Daletto is Capcom's subsidiary specializing in online games and management, and Inafune-san saw being a CEO for it as meaningless for a creative person such as himself. He stated that he feels he cannot evaluate his subordinates properly nor speak about his ideas or dreams, two factors he felt were necessary for the position.

Meanwhile, he found that he had reached the top of software development with Capcom, with nowhere further to grow. Feeling that growth is required for a creator, he could not stand being unable to change and grow in stature in his current position, thus provoking his resignation. While he had been able to pull Megaman Legends 3 into production, he states in a 4Gamer interview that he just could not stay in Capcom any longer. Continuing his comments about Capcom, it is obvious that he felt dissonance where he was.

Capcom is truly a good company...I love Capcom. Probably more than anyone in the world. However, it's not always the case that your hopes are realized. Just as it was with the girlfriend I loved long ago...There was a chance that I could continue to be Capcom's power. I bet on that chance until the end. The means of both Capcom and myself to be happy. That was surely possible. However, now that chance is completely closed off."
-Keiji Inafune

He has stated furthermore that he has no plans to work with Capcom in the future. There is currently no information as to where he will be headed in the gaming industry if at all.

In light of his departure, Lost Planet 2 and Resident Evil 5 producer Jun Takeuchi will be taking over his position over the development teams at Capcom.

Keiji Inafune joined Capcom back in the 1980s and is best known for having been behind the Mega Man franchise since its inception (he had joined mid-development for the first but remained pivotal in most other titles). He helped produce Onimusha and, more recently, the Dead Rising franchise. His last major title with Capcom was Dead Rising 2, developed by Blue Castle. Inafune-san had been working heavily on Mega Man Universe and Megaman Legends 3 before his departure, but there is no telling what he may have been working on alongside those projects as well.

SOURCE: AndriaSang

Friday, October 29, 2010

Megaman Legends 3's Heroine is Chosen!

After a month of letting fans vote on their favorite character design for a new character in Megaman Legends 3, the company has finally unveiled the winning design.

After Capcom unveiled Megaman Legends 3 to the public, it opened a poll containing nine distinct designs for a new heroine to be included in the game. Each of these designs were drawn by artists in previous Mega Man games, and according to the poll, the design would have a distinct characteristic to the personality of the character.

The winning designed turned out to be the work of Shinsuke Komaki with over six thousand votes from the 23,000+ total votes from both America and Japan.

Thanks to everyone who voted for my design!! Being able to hear opinions directly from you the fans was a unique experience for me, and I am so thrilled to be a part of Legends 3 in this capacity. The work from the other designers are absolutely wonderful, and gave this project a very noticeable "premium" kind of feeling.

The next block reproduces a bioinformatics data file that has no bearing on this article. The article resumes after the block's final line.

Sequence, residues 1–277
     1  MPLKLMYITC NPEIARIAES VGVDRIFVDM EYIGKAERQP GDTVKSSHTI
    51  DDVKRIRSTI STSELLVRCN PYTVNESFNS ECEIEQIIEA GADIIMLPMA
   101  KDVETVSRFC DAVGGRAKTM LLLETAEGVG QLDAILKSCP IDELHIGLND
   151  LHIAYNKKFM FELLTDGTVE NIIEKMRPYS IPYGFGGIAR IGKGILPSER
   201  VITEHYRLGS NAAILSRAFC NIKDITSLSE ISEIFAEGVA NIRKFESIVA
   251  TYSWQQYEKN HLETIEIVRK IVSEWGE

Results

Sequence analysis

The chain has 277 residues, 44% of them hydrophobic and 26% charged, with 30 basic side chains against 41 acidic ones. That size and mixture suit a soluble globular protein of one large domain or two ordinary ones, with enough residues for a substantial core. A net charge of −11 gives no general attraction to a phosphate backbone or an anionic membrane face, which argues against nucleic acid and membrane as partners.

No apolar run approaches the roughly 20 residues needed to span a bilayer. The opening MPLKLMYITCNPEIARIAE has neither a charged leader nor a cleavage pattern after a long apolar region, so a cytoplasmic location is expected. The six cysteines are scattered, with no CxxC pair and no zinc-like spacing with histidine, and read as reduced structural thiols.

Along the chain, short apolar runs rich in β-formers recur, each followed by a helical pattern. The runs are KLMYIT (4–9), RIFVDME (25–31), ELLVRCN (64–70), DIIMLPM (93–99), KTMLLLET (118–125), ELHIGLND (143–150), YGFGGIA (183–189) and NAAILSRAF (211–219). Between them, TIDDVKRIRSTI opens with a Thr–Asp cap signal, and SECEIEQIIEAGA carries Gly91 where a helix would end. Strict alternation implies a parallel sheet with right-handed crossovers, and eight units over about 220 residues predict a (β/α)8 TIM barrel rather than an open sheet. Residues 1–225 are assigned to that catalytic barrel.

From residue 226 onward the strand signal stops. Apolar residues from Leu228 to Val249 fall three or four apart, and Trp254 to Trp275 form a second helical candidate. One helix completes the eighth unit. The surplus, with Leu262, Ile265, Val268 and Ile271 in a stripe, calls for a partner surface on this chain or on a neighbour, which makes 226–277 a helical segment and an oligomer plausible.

(The feeling of suspense was intense.)

Alrighty then, character designers on the Legends 3 dev team, I wish you luck with taking my designs and making them "Legendsdary."

-Shinsuke Komaki, MML3 Character Designer
SENSEI's character design went in second place, followed quickly by Tatsuya Yoshikawa's design. Check the source for the full listing.

This is not the final time fans will have input in the project. Soon, the company will be opening the "Legends Dev Blog," where people can follow up on the development of the new heroine as well as find more events in which they can participate and add to the game's production.

Megaman Legends 3 is a large-scale project which was announced to be in development for the Nintendo 3DS this past September, shortly after Nintendo held its Fall Conference to discuss the upcoming launch of the handheld device. The game will be focusing heavily on fan input, as this poll demonstrates. There will be other ventures for fans to chip into the game, including potential side stories to be written by the biggest of Megaman Legends fans.

A release for Megaman Legends 3 is still not known, as the game is in early development.

SOURCE: Capcom

NIS turns consoles into women!

Earlier this week, NIS America announced Hyperdimension Neptunia, a unique RPG involving women based on popular video game consoles.

Hyperdimension Neptunia puts players in control of powerful goddesses called CPUs, or Console Patron Units. These goddesses are based on consoles released in recent time, including the Wii, Xbox 360, and Playstation 3. Neptune is original, but in a way she is based on the Sega Saturn. Get it? Saturn? Neptune?

Moving on. The game focuses on customizations which change the CPUs' appearances and stats. Players will need to customize well in order to help Neptune save Histoire and fight the evil Arfoire as it attacks the world of Gamindustri. User-made images can also be imported for use as special summon spells or even as an emblem on Neptune's body.

Hyperdimension Neptunia will be releasing for PS3 in Spring 2011.